Not so long ago, buying a life insurance policy meant meeting an agent of the Life Insurance Corp. of India (LIC) and signing a bunch of documents. But with the privatization of the life insurance sector in 2000, there is now an array of life insurance products that are promoted with innovative marketing - from bancassurance, or distribution from banks, to a sale through a broker - the sale conduits are varied.
Despite these aggressive and innovative marketing strategies, word-of-mouth still remains one of the most popular ways a particular insurance policy is popularized, and eventually sold.
The Invest India Incomes and Savings Survey 2007, released by IIMS Dataworks, a Noida-based retail finance research firm, shows that social networks are very effective in reaching out to potential customers. Around 25% of customers sampled for the survey report being influenced by colleagues at work, and 36% followed the advice of friends and relatives. In case of LIC, the corresponding figures are 18% and 32%. As of March, LIC had a 70% market share in the life insurance business, as compared with private insurance companies that have 30% of the market pie.
A senior insurance industry executive says although bancassurance and agents play a crucial role in marketing policies, much of the credit when a policy deal is closed goes to recommendations made by friends and relatives.
“Some of the private life insurance companies are very slow in settling claims,” says S.K. Sethi, vice-president and director of Insurance Brokers Association of India (Ibai). “They will soon bear the brunt of this carelessness in terms of reduced business.”
Life insurance companies say that a lot of their business comes through bancassurance and agents.
“Insurance distribution through banks is also one of the most effective ways of distributing policies,” says Vivek Khanna, director of marketing, Aviva Life Insurance Co. India Pvt. Ltd. Around 65% of Aviva’s business comes from bancassurance, while direct sales comprise just 35% of the total sales. The IIMS survey says banks influence one out of five potential private insurance customers in their choice of a private life insurance provider.
“While advertisements and printed material serve as information for the product, the influencing factor in buying a life policy remains the human interface,” says Vikram Mehmi, president and chief executive, Birla Sun Life Insurance Co. Ltd (BSLI). “Intermediaries are powerful influencers.”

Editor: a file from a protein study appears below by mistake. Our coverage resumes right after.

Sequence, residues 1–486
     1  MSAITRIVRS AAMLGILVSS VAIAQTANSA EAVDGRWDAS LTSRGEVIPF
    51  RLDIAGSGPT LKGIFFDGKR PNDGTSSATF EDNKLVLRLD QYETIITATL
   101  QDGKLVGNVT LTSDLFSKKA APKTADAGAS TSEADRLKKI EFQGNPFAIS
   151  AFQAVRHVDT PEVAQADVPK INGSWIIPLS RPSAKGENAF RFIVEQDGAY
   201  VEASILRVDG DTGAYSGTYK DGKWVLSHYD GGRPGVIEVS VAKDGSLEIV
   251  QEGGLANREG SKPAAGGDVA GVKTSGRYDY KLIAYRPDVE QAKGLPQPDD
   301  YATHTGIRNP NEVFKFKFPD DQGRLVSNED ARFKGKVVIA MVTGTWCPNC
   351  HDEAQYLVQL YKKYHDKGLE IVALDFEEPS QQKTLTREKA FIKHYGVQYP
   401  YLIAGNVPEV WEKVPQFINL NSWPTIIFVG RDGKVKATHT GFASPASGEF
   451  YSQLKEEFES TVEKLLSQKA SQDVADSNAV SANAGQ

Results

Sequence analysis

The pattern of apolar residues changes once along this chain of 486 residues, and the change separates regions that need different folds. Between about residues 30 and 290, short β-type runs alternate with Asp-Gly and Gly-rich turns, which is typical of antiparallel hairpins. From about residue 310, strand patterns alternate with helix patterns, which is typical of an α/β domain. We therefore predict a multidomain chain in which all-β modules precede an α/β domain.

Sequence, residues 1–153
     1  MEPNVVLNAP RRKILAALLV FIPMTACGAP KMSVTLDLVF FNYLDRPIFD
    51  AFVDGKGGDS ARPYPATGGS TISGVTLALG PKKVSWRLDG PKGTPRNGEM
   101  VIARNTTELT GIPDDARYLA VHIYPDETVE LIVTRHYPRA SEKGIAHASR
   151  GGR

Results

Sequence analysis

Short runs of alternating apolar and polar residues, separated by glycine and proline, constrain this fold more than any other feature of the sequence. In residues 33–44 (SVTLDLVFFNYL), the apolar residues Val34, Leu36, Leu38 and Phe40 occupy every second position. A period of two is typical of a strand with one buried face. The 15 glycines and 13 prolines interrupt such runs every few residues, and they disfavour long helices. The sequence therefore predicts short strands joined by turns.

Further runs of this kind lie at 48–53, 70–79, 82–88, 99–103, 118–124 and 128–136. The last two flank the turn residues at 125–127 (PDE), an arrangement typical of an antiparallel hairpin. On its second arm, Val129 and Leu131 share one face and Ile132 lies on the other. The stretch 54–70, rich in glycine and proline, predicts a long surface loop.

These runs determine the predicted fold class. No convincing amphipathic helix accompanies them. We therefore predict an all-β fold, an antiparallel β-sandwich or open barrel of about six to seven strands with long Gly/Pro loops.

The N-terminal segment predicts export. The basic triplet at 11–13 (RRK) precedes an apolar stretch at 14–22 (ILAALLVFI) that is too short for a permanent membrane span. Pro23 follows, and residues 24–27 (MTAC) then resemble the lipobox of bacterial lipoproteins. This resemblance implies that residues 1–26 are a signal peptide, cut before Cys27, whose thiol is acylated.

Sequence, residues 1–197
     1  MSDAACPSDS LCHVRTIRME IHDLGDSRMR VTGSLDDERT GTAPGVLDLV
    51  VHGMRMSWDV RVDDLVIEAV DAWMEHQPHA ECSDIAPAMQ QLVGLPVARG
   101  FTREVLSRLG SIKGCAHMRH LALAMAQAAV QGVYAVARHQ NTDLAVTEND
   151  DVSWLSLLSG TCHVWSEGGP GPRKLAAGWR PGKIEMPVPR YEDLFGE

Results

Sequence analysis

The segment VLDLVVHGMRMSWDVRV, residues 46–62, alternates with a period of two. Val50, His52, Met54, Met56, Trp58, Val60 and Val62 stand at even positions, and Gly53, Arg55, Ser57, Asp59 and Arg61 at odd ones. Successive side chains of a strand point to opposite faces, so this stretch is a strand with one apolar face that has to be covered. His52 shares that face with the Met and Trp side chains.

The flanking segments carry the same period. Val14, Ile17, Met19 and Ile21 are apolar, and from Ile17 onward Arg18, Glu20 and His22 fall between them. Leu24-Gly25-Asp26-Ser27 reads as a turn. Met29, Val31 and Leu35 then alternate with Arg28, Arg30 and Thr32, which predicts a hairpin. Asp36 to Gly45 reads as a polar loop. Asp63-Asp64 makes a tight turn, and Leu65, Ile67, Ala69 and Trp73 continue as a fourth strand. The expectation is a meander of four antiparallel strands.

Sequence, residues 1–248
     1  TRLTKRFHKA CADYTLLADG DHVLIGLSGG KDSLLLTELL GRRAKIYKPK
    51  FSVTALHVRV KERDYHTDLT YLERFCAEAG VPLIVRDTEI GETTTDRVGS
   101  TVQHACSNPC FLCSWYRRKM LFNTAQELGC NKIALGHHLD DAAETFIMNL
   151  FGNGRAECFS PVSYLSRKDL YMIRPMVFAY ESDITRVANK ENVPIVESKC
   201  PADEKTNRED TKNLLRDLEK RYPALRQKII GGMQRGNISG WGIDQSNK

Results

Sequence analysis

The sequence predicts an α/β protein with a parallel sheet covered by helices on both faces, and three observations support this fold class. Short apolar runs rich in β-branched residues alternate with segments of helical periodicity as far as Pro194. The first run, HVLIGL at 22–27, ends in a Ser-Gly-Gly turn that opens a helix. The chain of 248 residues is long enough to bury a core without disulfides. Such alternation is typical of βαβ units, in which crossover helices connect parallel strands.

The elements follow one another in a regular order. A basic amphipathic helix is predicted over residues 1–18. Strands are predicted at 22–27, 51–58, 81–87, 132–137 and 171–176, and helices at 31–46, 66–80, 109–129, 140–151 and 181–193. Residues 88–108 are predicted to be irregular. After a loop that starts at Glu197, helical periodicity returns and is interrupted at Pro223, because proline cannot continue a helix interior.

While private and public players are aggressively overhauling their marketing thrust, Manpreet Singh, a 42-year-old corporate general manager of Eastern Medikit Ltd, a Gurgaon-based medical supplies company, says without good service no company can earn word-of-mouth publicity.
Singh says his father-in-law died in February 2007 and since then he has been struggling to get the claim amount from BSLI. “After a thorough medical check-up from a BSLI panel hospital, my 66-year-old father-in-law took a policy for himself with his wife as a nominee,” he says. “He died in February 2007 because of a brain haemorrhage. After giving me the runaround for several months, the company refused to pay the claim amount on the ground that my father-in-law had diabetes and hypertension.” Singh says he now is determined to take up the case in a consumer court.
IIMS data shows that trust is an important consideration when selecting a policy. The report states that 42% of insurance customers mentioned trust as an important factor in their insurance purchase.
Despite the new glut of insurance offerings, India still ranks low in terms of insurance penetration. According to global insurance data from Swiss Re, one of the world’s largest insurance providers, although the insurance penetration in India has risen from 1.77% in 2000 to 4.17% in 2006, it is still much lower than the developed markets of western Europe, the US and the UK.
“Our company has focused its attention in a few rural areas and has seen gratifying results, says Sanjay Tripathy, marketing head of HDFC Standard Life Insurance Co. “The company has issued over 121,000 policies, accounting for more than 23% of all policies issued during 2006-07.”
But Tripathy’s views are not shared by all in the business. “Private insurance companies mostly capture customers in higher income bracket and that gives them more visibility in big cities than small towns and villages,” says Ibai’s Sethi.